Here the spatial distribution of soil enzymatic properties in agricultural land was evaluated on a county-wide (567 km2) scale in Changwu, Shaanxi Province, China. The spatial variations in activities of five hydrolytic enzymes were examined using geostatistical methods. The relationships between soil enzyme activities and other soil properties were evaluated using both an integrated total enzyme activity index (TEI) and the geometric mean of enzyme activities (GME). At the county scale, soil invertase, phosphatase, and catalase activities were moderately spatially correlated, whereas urease and dehydrogenase activities were weakly spatially correlated. Correlation analysis showed that both TEI and GME were better correlated with selected soil physicochemical properties than single enzyme activities. Multivariate regression analysis showed that soil OM content had the strongest positive effect while soil pH had a negative effect on the two enzyme activity indices. In addition, total phosphorous content had a positive effect on TEI and GME in orchard soils, whereas alkali-hydrolyzable nitrogen and available potassium contents, respectively, had negative and positive effects on these two enzyme indices in cropland soils. The results indicate that land use changes strongly affect soil enzyme activities in agricultural land, where TEI provides a sensitive biological indicator for soil quality. PMID:25610908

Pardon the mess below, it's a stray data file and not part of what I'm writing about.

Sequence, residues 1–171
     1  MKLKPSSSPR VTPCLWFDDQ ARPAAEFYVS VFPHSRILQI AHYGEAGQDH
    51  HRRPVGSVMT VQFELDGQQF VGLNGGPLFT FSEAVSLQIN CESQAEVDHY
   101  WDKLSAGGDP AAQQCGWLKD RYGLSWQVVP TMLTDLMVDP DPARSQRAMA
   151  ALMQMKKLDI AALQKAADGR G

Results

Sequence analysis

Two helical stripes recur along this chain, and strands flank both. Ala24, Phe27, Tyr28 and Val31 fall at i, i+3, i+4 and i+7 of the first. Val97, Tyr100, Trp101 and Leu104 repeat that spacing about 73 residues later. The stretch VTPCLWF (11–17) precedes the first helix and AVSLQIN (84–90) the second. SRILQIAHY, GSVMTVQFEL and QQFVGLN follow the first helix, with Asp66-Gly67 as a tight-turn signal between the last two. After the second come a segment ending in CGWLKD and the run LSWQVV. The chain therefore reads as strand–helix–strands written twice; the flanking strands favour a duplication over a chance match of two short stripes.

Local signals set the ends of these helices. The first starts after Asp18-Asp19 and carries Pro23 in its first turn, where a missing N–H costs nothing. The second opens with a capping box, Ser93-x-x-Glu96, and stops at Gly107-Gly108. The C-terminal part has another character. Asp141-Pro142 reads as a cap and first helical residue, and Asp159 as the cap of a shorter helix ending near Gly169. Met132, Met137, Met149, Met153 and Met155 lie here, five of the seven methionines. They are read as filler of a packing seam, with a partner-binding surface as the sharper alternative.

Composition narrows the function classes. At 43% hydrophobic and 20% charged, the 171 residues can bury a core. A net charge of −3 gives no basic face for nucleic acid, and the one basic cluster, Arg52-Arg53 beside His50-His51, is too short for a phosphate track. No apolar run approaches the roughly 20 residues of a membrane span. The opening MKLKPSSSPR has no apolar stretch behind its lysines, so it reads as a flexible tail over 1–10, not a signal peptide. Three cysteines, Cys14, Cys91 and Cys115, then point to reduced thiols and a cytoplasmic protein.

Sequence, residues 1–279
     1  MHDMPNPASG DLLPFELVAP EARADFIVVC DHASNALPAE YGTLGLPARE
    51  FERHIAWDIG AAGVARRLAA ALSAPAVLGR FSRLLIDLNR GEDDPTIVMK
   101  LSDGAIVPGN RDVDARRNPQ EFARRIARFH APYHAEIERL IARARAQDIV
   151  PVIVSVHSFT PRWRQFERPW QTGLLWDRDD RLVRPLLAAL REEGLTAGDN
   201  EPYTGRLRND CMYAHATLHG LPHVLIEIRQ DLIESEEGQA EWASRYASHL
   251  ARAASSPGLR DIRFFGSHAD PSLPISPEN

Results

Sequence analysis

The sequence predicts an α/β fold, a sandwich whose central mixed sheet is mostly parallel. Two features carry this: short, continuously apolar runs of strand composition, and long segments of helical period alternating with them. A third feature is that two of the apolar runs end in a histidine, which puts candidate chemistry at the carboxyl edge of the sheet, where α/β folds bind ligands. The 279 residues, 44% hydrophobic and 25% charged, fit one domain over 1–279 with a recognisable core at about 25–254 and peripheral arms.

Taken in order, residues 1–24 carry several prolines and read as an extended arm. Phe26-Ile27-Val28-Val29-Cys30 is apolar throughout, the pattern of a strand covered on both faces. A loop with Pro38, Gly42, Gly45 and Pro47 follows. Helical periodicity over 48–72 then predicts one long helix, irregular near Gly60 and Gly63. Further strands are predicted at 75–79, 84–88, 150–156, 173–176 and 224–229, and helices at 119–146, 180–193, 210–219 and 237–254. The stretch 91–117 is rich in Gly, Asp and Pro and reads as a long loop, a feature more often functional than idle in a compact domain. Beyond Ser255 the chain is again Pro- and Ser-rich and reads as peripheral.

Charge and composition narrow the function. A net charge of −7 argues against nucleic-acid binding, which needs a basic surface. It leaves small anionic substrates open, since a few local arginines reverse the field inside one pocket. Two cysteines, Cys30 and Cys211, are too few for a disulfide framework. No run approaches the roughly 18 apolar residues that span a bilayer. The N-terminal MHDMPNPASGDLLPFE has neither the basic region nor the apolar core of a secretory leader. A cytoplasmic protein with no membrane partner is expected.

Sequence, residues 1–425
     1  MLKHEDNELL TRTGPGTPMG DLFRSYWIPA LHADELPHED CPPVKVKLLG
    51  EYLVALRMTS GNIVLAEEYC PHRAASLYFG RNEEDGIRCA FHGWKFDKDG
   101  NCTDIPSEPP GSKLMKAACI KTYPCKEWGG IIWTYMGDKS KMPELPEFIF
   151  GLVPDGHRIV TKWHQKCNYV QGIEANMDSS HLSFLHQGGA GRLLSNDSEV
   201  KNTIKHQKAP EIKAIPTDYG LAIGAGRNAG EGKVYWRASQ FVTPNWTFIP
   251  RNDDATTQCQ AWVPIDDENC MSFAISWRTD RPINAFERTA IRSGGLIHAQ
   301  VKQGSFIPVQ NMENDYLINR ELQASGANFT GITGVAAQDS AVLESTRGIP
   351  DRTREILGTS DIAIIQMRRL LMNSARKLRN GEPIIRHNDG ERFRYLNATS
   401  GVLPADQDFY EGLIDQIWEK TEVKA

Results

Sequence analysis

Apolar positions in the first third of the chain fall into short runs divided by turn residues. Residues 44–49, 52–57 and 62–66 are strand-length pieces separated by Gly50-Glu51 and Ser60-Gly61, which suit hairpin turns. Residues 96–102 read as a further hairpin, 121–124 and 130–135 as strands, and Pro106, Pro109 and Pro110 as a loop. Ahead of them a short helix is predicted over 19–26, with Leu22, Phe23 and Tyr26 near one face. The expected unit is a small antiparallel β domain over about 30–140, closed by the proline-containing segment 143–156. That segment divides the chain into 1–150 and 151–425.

6. Upscaling Self-Sustaining Treatment for Active Remediation (STAR): Experimental Study of Scaling Relationships for Smouldering Combustion to Remediate Soil

    NASA Astrophysics Data System (ADS)

    Kinsman, L.; Gerhard, J.; Torero, J.; Scholes, G.; Murray, C.

    2013-12-01